++ UNESCO and IUCN representatives in the forest of the Carpathians ++ Forest conservationists have already referred to clear cuts in UNESCO buffer zones and national parks ++ Tactics of concealment by the state forestry company Romsilva prevented ++
A delegation of representatives of UNESCO and IUCN visited the paradise forests in the Romanian Carpathians. The reason was a so-called “reactive mission”, which serves to report on the conditions of the UNESCO World Heritage sites. At least at the meeting on 18.11.2019 in the Baile Herculane forest in Domogled – Valea Cernei national park, two activists of Agent Green were present. From the Romanian side, among others, the
head of Romsilva, Mihailescu, as well as numerous foresters and two delegates of the Ministry of Environment were present at the meetings.
The four main topics of discussion on Monday were the construction of the national road DN66A, the forest areas in the UNESCO World Heritage buffer zones as well as pasture management in these and planned hydropower plants in Romania.
EuroNatur and Agent Green were not invited for an excursion to the forests. Probably, so that Romsilva could only show intact forests to the representatives of the international institutions to underline their lies that in Romania’s forests everything is in order. To prevent this, however, EuroNatur and Agent Green had previously sent a letter to the delegation informing them with background information and information on nearby clear cuts, so that they could demand a visit to these areas as well. Thus, the representatives could also see the fatal reality in Romania’s forests. They visited, for example, the clear cuts in the Craiova valley and the Oplesata mountain peak, which border the UNESCO core zones. The delegates also visited the Arjana and Dobraia areas, where they could vitness the consequences of the recent forest fires in the Domogled national park. The days before, they had visited the area in Ciucevele Cernei, where in July 2019 EuroNatur and Agent Green protested together with Robin Wood against the construction of the national road DN66A. The construction of the road would cause massive destruction of valuable forests. The UNESCO and IUCN delegation also reiterated the need for a comprehensive environmental impact assessment of the impact on forests in these areas before construction continues.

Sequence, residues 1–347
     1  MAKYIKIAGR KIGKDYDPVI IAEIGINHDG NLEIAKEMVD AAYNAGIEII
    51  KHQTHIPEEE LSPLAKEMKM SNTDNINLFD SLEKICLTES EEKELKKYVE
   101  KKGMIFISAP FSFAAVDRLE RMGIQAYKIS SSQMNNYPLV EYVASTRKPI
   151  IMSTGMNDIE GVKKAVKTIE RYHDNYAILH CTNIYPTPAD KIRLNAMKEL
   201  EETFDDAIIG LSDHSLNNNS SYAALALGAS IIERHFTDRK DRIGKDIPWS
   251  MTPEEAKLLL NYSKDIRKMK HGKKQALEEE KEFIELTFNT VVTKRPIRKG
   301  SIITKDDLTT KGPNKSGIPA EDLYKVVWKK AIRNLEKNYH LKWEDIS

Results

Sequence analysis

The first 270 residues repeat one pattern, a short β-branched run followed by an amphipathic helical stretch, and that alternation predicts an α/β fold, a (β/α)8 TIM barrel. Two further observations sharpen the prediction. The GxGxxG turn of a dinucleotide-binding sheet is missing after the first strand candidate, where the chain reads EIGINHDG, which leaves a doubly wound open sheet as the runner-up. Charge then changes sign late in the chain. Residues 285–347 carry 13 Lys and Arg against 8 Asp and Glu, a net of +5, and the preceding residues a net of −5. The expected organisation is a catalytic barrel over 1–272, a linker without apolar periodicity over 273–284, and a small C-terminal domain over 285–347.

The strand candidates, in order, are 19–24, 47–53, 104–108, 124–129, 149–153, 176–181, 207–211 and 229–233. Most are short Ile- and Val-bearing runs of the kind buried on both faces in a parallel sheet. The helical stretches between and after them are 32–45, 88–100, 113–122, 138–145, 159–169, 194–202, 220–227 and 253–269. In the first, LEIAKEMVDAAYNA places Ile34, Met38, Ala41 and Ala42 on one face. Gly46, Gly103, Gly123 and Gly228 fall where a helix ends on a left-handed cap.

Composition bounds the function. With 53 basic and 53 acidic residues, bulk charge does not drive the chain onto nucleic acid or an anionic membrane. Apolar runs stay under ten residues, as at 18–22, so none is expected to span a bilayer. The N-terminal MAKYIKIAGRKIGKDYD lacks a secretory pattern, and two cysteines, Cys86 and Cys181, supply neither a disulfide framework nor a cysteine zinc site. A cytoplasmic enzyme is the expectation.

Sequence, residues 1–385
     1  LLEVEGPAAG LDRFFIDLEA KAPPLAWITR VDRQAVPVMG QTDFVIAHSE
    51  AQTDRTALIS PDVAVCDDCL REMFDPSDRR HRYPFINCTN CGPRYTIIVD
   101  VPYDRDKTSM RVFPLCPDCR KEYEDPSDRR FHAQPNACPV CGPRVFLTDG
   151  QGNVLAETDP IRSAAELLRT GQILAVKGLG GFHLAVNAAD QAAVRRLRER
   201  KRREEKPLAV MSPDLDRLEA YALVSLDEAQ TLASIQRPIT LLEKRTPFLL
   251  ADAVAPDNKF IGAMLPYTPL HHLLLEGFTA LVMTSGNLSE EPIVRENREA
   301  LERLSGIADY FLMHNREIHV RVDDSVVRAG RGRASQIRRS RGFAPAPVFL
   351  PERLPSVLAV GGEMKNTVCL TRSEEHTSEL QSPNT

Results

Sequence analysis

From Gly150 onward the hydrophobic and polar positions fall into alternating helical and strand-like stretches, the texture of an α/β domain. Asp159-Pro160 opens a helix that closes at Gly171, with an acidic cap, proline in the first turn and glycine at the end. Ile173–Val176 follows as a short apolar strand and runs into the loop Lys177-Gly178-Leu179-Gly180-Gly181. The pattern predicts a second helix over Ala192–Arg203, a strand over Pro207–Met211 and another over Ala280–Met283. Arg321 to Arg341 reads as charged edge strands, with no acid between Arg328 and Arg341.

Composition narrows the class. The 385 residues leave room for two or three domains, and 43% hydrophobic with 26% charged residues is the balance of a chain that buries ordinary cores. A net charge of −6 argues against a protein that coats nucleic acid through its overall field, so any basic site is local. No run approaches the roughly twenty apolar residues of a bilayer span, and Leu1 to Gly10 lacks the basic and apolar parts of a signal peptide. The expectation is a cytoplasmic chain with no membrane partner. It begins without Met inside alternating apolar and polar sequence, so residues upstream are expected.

In the discussion, Agent Green activists were able to highlight the numerous other deforestations in UNESCO World Heritage buffer zones as well as the lack of implementation of the IUCN criteria for at least 75% core zones in national parks. Already in July, Romania was criticised by the UNESCO World Heritage Committee for the handling of its parts of the World Heritage sites. EuroNatur executive director Gabriel Schwaderer already expressed his concerns about the World Heritage Site at that time: “We have to fear that this extraordinary World Heritage site will soon be classified as ‘endangered’ – and this would include the German parts. The management of the Romanian areas has not improved in recent years, and now there’s a pressing need to take remedial action. The World Heritage Committee is already entering escalation level 1 by announcing to carry out a re-assessment of the World Heritage areas. We hope that this pressure will finally make the Romanian government rethink. Romania is hosting an ancient forest treasure that has long been lost almost everywhere else in Europe”.
All in all, the visit showed that both UNESCO and IUCN are keeping an eye on what is happening in Romania’s forests. Representatives of both institutions urge both a more comprehensive assessment of the impact of infrastructure projects on forests and a better management of this natural resource. They call on Romania to step up its protection efforts. A detailed report by the delegation, which will hopefully contain these points with clear statements, will follow shortly.